WASHINGTON — The prices U.S. companies receive for their goods and services rose by the most in seven months in April, led by more expensive food and higher retail and wholesale profit margins.
The Labor Department said Wednesday that the producer price index rose a seasonally adjusted 0.6 percent from March to April after a 0.5 percent increase from February to March. The gains suggest that inflation is picking up from very low levels.
In the past 12 months, producer prices have increased 2.1 percent, the biggest 12-month gain in more than two years. That figure is roughly in line with the Federal Reserve’s 2 percent inflation target. The producer price index measures price changes before they reach the consumer.
Excluding the volatile categories of food, energy and retailer and wholesaler margins, however, the month-to-month increase in April was smaller: Core prices rose 0.3 percent from March.
Ian Shepherdson, chief economist at Pantheon Macroeconomics, noted that the profit margins dropped sharply over the winter, before increasing in the past two months, “so we can’t yet say an upward trend is emerging.”
A key question is whether the sharp increases in producer prices of the past two months will flow into consumer prices. Wage increases have been weak, and unemployment remains high at 6.3 percent. The squeeze for consumers means that manufacturers and retailers haven’t been able to raise prices much. April’s consumer price index will be released Thursday.
“It will be tough to push higher costs onto consumers,” Jennifer Lee, senior economist at BMO Capital Markets, said in a research note.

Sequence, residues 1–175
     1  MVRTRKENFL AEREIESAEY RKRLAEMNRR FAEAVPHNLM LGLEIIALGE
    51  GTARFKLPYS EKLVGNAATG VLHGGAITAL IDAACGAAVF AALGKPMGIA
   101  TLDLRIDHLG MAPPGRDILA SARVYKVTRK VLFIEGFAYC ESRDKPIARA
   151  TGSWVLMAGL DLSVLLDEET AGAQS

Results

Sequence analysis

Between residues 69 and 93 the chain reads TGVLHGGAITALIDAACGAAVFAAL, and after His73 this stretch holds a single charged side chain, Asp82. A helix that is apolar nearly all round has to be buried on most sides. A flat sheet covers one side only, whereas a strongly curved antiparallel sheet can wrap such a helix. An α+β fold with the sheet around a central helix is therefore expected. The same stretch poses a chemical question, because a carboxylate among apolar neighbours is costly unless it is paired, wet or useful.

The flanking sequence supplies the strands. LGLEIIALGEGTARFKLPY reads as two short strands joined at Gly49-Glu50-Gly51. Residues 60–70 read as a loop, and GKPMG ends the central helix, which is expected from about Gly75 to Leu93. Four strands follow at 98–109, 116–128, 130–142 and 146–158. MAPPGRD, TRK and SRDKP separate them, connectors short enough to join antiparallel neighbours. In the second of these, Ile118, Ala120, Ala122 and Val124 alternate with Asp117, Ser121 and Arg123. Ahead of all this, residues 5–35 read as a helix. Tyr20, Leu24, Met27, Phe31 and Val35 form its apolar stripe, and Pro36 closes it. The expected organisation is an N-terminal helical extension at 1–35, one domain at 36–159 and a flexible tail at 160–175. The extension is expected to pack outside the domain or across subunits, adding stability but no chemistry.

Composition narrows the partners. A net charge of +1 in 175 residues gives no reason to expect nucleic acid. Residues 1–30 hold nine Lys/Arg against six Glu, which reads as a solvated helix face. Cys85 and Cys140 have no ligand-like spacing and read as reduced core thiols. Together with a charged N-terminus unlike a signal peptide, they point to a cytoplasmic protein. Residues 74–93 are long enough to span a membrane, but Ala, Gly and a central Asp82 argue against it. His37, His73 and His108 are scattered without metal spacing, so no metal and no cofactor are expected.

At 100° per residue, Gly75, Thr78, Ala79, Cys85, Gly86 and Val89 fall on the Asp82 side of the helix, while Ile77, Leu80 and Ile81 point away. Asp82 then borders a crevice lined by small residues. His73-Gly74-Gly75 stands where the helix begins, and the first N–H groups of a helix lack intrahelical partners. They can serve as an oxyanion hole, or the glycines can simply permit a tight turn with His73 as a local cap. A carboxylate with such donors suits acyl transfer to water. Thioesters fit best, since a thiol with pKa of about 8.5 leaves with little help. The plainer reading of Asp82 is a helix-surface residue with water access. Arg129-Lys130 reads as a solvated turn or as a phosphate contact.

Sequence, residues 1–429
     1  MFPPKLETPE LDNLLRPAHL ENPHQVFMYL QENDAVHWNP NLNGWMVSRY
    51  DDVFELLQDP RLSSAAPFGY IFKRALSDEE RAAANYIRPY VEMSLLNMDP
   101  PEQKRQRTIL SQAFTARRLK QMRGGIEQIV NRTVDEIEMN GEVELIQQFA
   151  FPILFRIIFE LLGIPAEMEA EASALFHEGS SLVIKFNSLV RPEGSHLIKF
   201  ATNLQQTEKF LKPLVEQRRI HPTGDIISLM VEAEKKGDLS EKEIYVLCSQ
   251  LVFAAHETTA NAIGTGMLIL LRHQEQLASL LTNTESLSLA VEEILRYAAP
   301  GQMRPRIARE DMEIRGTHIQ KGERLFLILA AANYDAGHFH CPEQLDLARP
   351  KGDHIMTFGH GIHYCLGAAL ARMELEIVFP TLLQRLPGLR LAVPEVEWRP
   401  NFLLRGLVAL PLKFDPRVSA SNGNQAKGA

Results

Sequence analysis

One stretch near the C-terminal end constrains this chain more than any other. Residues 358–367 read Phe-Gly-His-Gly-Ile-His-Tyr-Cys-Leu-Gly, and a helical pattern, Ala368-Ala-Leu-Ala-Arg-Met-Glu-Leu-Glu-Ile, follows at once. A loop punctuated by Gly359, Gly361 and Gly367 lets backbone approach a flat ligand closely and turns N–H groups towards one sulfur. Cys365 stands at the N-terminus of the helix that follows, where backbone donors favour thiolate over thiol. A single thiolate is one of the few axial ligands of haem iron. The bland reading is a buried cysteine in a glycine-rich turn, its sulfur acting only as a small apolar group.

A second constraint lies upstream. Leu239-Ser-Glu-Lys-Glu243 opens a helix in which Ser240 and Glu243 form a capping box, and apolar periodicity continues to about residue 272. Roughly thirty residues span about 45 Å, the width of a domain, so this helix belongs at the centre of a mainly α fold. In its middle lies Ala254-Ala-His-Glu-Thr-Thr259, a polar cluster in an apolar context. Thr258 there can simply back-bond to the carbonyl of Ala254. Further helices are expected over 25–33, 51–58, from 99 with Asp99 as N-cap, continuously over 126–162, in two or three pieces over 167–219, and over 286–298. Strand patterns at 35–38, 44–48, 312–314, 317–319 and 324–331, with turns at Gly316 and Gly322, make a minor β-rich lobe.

The two months of big increases have lifted wholesale inflation from historically low levels. The producer price index rose just 1.2 percent in 2013 after a 1.4 percent increase in 2012.
Food costs jumped 2.7 percent in April, the highest in more than three years, driven by an 8.4 percent increase in meat prices.
Profit margins received by retailers and wholesalers rose 1.4 percent in April, the same as in the previous month. Margins are rebounding after sharp drops over the winter months. Profits had been held down by discounting after the winter holidays and by harsh weather in January and February that kept shoppers at home.
Low inflation has enabled the Fed to pursue extraordinary stimulus programs to try to boost spending, hiring and economic growth. It has begun to unwind some of its stimulus, cutting its monthly bond purchases to $45 billion from $85 billion last year. The bond purchases are intended to lower long-term interest rates.
But the Fed has kept the short-term interest rate it controls at nearly zero since December 2008. Higher inflation could raise pressure on the Fed to increase that rate earlier than it had planned.